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122 UNDERSTANDING RISK: INFORMING DECISIONS INA DEMOCRATIC SOCIETY analytical needs of the negotiating committee. The technical advisory committee organized a technical workshop to inform negotiating com- mittee members on the range of scientific opinions about health risks, treatment technologies, costs, and modeling efforts. Twenty-three na- tionally recognized experts on drinking water treatment gave presenta- tions and participated in panel discussions for the benefit of the negotiat- ing committee. As questions arose during the negotiations, these experts gave additional presentations or testimony. The analysis did not lead the committee to accept a single problem formulation, largely because both formulations were supportable. While watershed protection was attractive, new data suggested that it would not be sufficient for controlling disinfectant by-products. Some form of contaminant rule would also be necessary. The negotiating committee was able to proceed without consensus on the problem because, by using deliberative methods, it was able to agree on a set of criteria for an accept- able solution. In professionally facilitated open discussions, the commit- tee produced a list of value objectives to be considered in the decision- making process. This included such items as protection of human health, protection of environmental equity, sensitivity to needs of susceptible populations, consistency with EPA rules, and affordability. These criteria were later used as a basis for discussing proposed rules. In the end, the committee proposed both a pollution prevention rule and a maximum contaminant level rule an outcome not anticipated before the analytic- deliberative process began. PROCESS DESIGN Process design determines who participates, what their roles are, how analysis will be organized and used, and how procedural rules can be changed. One of the most important goals of process design is to devise procedures that are acceptable to the interested and affected parties. Ob- taining agreement on a decision process at the outset from those who will be affected by the decision can significantly affect the acceptability of the outcome (Crowfoot and Wollendeck, 19901. Analysis and deliberation can complement each other in achieving two of the main objectives of process design: determining who should be involved in risk characteriza- tion and planning for the appropriate use of analytical techniques. Analysis can help choose participants in at least two ways. First, it can help identify the affected parties. Analysis of exposure pathways, dose-response relationships, subpopulation vulnerabilities, the distribu- tion of economic and social impacts, and the like can identify parties who should be involved, even if they did not know themselves to be affected. Analysis of the same factors can also provide reasonable tests of parties'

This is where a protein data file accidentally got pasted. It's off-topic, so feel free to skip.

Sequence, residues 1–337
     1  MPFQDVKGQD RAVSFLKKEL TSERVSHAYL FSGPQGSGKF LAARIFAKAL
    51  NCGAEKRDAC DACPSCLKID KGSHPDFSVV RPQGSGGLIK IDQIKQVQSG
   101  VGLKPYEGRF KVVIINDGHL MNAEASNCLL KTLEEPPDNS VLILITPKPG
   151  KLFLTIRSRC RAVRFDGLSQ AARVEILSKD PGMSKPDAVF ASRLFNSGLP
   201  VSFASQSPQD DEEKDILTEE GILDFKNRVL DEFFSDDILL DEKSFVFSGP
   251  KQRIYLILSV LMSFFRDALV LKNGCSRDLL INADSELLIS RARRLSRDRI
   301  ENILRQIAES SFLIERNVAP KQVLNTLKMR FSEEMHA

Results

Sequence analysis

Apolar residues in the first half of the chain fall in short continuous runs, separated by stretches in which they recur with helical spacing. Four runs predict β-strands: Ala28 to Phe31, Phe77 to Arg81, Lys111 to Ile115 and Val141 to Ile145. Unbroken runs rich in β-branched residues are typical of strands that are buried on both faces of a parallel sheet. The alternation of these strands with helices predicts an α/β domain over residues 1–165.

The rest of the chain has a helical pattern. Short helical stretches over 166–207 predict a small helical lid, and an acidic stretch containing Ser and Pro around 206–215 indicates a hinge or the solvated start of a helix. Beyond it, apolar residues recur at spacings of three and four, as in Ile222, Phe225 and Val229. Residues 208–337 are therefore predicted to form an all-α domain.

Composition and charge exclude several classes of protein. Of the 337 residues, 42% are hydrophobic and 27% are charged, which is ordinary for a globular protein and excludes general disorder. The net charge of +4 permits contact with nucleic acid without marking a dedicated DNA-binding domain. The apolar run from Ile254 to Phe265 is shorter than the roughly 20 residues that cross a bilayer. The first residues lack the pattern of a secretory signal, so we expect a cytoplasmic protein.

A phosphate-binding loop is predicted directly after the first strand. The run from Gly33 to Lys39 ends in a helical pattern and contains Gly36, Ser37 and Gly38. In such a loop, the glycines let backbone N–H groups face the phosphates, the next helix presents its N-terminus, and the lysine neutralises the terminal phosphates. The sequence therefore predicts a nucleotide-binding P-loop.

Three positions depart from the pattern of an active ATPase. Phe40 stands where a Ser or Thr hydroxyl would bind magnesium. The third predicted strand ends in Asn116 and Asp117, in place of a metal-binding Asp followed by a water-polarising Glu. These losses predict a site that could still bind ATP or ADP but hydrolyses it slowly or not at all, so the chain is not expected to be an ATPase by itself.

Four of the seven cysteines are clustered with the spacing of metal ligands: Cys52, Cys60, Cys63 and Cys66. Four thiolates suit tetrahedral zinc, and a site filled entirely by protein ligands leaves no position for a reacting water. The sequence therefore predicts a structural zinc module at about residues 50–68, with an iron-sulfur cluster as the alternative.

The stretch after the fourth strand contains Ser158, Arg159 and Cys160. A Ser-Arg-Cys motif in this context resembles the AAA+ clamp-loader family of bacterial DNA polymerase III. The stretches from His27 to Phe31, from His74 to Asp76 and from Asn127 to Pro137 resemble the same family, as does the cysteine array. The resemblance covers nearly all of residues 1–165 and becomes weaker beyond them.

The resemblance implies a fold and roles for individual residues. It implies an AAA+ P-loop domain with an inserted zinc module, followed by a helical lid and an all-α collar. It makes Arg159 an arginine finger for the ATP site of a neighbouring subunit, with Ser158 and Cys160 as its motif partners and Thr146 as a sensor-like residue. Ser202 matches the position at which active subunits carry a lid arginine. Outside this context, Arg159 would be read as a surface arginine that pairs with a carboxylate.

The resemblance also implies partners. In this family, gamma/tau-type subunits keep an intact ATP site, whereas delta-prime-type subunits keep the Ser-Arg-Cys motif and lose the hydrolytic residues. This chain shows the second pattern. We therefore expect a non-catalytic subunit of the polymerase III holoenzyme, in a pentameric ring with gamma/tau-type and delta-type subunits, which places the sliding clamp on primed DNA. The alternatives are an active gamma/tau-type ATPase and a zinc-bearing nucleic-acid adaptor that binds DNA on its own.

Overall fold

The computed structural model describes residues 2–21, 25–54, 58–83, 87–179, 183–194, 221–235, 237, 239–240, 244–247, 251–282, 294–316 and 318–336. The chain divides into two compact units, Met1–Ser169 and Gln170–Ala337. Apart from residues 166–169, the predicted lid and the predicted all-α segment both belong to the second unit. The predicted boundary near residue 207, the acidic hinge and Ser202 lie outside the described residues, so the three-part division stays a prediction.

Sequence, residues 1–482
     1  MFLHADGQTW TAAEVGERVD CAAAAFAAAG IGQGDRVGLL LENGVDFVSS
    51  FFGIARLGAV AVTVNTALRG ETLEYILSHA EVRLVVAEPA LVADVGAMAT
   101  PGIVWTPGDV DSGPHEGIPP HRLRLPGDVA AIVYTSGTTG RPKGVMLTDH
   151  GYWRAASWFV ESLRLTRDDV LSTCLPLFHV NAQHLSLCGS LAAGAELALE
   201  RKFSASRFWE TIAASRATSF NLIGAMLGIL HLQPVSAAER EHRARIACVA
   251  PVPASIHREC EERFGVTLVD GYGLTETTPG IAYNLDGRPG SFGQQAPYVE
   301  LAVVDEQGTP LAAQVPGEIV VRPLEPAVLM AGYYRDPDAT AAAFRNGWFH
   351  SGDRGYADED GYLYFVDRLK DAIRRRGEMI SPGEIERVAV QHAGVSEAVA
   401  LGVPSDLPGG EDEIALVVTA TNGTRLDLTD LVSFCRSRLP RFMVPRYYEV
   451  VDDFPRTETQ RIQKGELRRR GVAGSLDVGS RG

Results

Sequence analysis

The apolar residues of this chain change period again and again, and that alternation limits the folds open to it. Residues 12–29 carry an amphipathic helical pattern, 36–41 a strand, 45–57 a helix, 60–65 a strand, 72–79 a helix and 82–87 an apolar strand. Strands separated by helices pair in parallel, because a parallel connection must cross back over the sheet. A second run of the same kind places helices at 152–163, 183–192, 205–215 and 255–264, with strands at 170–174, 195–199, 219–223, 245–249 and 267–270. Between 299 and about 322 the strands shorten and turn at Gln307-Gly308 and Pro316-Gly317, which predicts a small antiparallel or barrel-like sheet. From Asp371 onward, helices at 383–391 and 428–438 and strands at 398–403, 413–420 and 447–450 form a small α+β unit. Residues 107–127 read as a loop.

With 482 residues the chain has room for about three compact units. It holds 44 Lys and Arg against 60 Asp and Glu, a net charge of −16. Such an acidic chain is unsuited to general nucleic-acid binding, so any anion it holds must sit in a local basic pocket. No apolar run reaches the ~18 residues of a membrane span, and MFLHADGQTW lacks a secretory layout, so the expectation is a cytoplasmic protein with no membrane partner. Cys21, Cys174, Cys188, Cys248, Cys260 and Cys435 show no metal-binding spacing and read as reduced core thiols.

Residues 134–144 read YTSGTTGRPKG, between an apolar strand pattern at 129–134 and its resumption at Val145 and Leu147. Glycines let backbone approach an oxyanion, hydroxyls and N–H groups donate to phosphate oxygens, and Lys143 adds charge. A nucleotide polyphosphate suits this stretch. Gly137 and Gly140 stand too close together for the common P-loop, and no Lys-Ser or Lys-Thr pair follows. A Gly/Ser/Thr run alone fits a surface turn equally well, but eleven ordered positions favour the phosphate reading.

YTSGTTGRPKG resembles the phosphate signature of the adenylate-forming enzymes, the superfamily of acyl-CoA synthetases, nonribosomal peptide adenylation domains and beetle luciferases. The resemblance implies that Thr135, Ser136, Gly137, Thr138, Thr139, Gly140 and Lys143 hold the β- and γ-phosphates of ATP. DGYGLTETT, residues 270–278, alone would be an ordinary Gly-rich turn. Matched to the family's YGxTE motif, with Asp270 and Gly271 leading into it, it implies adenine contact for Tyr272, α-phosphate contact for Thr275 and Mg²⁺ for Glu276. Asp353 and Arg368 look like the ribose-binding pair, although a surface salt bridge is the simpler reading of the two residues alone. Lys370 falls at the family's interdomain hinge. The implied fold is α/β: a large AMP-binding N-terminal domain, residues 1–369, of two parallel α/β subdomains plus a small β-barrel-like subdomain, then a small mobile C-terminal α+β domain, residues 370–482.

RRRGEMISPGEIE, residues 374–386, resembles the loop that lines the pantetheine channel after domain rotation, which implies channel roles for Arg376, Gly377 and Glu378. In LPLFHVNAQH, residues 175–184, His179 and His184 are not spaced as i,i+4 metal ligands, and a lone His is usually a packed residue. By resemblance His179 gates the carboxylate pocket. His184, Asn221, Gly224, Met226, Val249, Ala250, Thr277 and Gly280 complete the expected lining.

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INTEGRATING ANALYSIS AND DELIBERATION 123 claims to be affected. Second, analysis of legal obligations can clarify the fundamental requirements of public participation who is required by law to participate and who has standing to challenge decisions about participation. Deliberative techniques are also essential for choosing participants. They can be used to address such questions as the following: How much representation should each interested or affected party have in the group performing a particular task relevant to risk characterization? Who should make this decision? When an affected party has no obvious repre- sentative (e.g., future generations), how should its interests be repre- sented? What kinds of expertise should be included in the group respon- sible for each task? A deliberative tool such as a citizen advisory committee might be used to agree on answers to such questions and to select principles for choosing participants for each subsequent phase. A broadly based process that includes analytic specialists and others can improve planning for the appropriate use of analysis to support a risk characterization. Among the most important judgments is the one about which aspects of a risk situation to analyze. The California Comparative Risk Project, which attempted to rank issues for the purpose of setting statewide policy priorities, illustrates a process design that provided for feedback between analysis and deliberation to inform choices about what to analyze. The California Environmental Protection Agency's initial pro- cess design, resulting from its diagnosis of the task, sharply separated analysis and deliberation by assigning them to different groups of com- mittees that would interact only toward the end of the process (see Ap- pendix A). When the project began, some participants criticized this pro- cess design on the ground that without early input from nontechnical people, the technical committees might fail to address important issues, such as equity in the distribution of risks. The California agency re- sponded by redesigning the process to allow for more crossfertilization between the technical committees and those emphasizing social and eco- nomic concerns. An immediate result was increased analytical attention to social equity outcomes. A longer term result was more open debate about the proper place of such considerations in risk analysis in Califor- nia, a debate that resulted in the governor's distancing himself from the study's findings and recommendations. The Future Site Uses Working Group organized at the U.S. Depart- ment of Energy's (DOE) Hanford site in Washington State provides an- other example of how analysis and deliberation can be combined in pro- cess design (see Appendix A). The DOE decided to seek widespread participation in planning its environmental impact assessment for the site. Deliberation among DOE, EPA, the Oregon and Washington state governments, and county and tribal governments of the region produced